My mother’s keening by the river was eerie. My father stood at the fire rubbing his hands together and mumbling to himself. My aunt and uncle sat with their arms around each other while she said the rosary and wept. It was my grandmother who prepared my brother’s body. She took water from the lake, dipped cedar boughs in it and washed him. I could hear her singing in the tent. The tightness in my throat almost made me cough too. No one came to ask me how I was. Instead, when the old woman finished with her ministrations, she came out of the tent and called us all to the fire.

“We will honour him in the old way,” she said. “We will carry him to a high point and lay him in the breast of the earth with his feet pointed east facing the morning sun. That way his spirit can follow the sun as it makes its journey across the sky and begin his Spirit Walk.”

“Heathen,” my mother spat. “He is my son. We will take him to the priest.”

“They will not honour him.”

“You do not honour him,” my mother cried. “You brought him to this forsaken place. You told us by coming here that we would return to how things were. But those ways are gone. Those gods are dead. We need to take my son to the priest so that he can be returned to the bosom of Christ.”

“Your grief has blinded you.” My grandmother held out the bowl that contained the sacred medicines but my mother slapped it away.

“You have no say. He is my son. He will have the rites of the Church. We’ll take this rice that cost him his life and we’ll sell it and buy him a coffin and he will have a proper burial. Not out here. Not stuck in some hole in the earth.”

My mother walked to my father and took his hand and led him away from the fire. My aunt and uncle followed. We could see them all talking by the water. My father came back alone and stood across the fire from the old lady.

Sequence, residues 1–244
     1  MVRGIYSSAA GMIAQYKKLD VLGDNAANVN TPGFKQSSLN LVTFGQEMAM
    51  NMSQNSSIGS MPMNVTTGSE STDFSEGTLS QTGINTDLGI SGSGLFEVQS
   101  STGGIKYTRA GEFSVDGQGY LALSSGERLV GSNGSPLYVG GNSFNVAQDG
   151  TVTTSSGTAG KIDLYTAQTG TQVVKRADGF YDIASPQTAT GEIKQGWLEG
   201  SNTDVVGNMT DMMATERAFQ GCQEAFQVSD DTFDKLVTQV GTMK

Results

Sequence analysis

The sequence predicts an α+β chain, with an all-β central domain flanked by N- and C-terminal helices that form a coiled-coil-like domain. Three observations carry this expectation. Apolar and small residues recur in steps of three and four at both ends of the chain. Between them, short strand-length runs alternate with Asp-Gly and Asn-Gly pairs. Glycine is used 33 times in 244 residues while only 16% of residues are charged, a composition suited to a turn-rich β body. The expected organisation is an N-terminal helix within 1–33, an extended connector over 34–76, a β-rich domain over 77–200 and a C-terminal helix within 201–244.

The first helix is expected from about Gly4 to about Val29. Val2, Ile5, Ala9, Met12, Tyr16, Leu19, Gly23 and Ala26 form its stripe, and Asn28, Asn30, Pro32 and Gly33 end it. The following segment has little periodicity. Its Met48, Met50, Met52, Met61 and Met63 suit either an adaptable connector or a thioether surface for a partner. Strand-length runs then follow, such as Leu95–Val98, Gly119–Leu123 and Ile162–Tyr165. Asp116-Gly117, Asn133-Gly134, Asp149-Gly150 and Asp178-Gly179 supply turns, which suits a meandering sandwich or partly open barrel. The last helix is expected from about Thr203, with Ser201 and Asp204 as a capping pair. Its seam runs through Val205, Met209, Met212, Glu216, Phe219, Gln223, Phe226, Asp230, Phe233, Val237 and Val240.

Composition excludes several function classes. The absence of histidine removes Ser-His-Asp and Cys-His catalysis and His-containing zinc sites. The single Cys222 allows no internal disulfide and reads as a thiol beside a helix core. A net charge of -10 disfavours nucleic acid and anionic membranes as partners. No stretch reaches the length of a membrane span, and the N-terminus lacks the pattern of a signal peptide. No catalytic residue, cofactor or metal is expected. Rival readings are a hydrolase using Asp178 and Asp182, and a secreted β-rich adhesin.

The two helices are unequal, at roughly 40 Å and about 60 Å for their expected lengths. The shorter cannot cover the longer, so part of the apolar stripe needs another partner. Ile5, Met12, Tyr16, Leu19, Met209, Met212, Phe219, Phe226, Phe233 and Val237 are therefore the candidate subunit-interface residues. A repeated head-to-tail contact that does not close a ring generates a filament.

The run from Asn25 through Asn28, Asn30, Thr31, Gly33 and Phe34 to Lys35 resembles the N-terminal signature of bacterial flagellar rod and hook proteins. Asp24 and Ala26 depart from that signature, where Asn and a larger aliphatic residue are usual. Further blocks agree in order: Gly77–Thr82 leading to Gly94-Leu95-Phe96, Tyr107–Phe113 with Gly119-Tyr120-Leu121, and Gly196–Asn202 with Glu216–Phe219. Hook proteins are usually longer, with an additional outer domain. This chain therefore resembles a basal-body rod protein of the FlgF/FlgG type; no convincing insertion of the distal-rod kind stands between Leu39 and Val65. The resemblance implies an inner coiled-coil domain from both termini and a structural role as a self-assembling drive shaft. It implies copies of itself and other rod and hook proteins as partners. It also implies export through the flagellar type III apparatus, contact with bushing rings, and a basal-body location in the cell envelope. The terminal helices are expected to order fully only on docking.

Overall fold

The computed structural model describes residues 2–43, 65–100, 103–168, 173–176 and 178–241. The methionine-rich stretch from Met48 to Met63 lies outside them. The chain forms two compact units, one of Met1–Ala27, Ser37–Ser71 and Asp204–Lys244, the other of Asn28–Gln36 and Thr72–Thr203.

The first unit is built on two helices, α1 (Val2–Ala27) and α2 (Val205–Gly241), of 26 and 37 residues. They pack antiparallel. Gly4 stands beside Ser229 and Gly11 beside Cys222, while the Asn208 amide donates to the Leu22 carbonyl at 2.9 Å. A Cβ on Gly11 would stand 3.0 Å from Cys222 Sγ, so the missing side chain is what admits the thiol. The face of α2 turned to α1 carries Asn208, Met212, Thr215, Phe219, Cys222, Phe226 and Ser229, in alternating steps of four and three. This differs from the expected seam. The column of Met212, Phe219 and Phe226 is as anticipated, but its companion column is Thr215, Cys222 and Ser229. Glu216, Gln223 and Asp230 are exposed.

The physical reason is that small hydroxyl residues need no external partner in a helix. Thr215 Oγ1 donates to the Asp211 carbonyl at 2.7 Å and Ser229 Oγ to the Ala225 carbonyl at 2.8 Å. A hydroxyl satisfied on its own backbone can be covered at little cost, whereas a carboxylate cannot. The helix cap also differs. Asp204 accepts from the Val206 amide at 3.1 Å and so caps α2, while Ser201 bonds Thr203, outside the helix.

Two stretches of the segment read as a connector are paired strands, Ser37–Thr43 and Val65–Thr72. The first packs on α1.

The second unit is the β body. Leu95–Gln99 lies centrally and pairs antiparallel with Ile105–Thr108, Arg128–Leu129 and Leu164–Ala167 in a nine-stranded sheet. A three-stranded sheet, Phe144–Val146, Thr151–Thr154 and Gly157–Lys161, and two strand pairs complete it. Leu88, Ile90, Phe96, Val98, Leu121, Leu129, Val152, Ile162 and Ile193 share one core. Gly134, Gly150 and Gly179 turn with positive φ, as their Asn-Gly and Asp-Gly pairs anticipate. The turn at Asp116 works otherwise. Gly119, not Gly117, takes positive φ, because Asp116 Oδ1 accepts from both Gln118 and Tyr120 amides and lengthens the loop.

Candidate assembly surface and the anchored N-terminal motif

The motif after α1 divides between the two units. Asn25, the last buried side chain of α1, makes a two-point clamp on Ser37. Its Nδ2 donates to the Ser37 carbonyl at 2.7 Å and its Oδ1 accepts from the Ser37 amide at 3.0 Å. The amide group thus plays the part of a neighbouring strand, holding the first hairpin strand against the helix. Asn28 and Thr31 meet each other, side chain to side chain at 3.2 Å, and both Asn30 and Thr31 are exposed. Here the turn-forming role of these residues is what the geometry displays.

“We’ll take him to the priest now,” he said. “There’s a lot of the day left and we can get a good start.”

“You know what your father would have said?” she asked.

“No,” he said. “I have not heard his voice in a long time.”

“He would have said that all gods are one.”

“She won’t hear that.”

“Do you?”

My father pinched his lips together and rocked on the balls of his feet. I could sense the struggle in him. “Kaween. No. I guess I don’t,” he said. “She said to tell you that you could either come with us or not.”

“I won’t come.”

“We’ll be gone a spell. Can you look after Saul? Better he waits here with you.”

“He’ll be fine with me. There’s food. We have snares and the net.”

“All right, then.”

“All right.”

The adults packed two canoes with the bags of rice. They left a small sack for us. They gathered their clothes and other food for the journey, and when they were ready to leave they came to the fire. At that moment my parents seemed like strangers to me. Maybe it was the grief over my brother’s death that made them move so deliberately. Sometimes I think that if I had yelled something it would have all been different. But no words were in me. I watched my uncle and my father carry my brother’s body from the tent wrapped in a blanket and lug it to the canoe. They set him in the middle, leaned back against sacks of rice. I cried. I wept harder than I ever had. I wanted to stop this, wanted to bring them all back beside the fire and hear my grandmother’s guiding voice telling us stories and showing us the direction we should go together. As they eased the canoes out into the shallows, my grandmother pulled me close to her and put a hand on my head.

Even now when I think back to that day, I can see the shimmer of the wake they left behind them, the vee of it and the divergent lines that lapped at the shoreline. I can still see the bent back of my father paddling, the slumped form of my mother in the bow waving at the water with her oar. I can see the canoe that held my brother’s body as it passed the rock cairn and slid out of my view forever.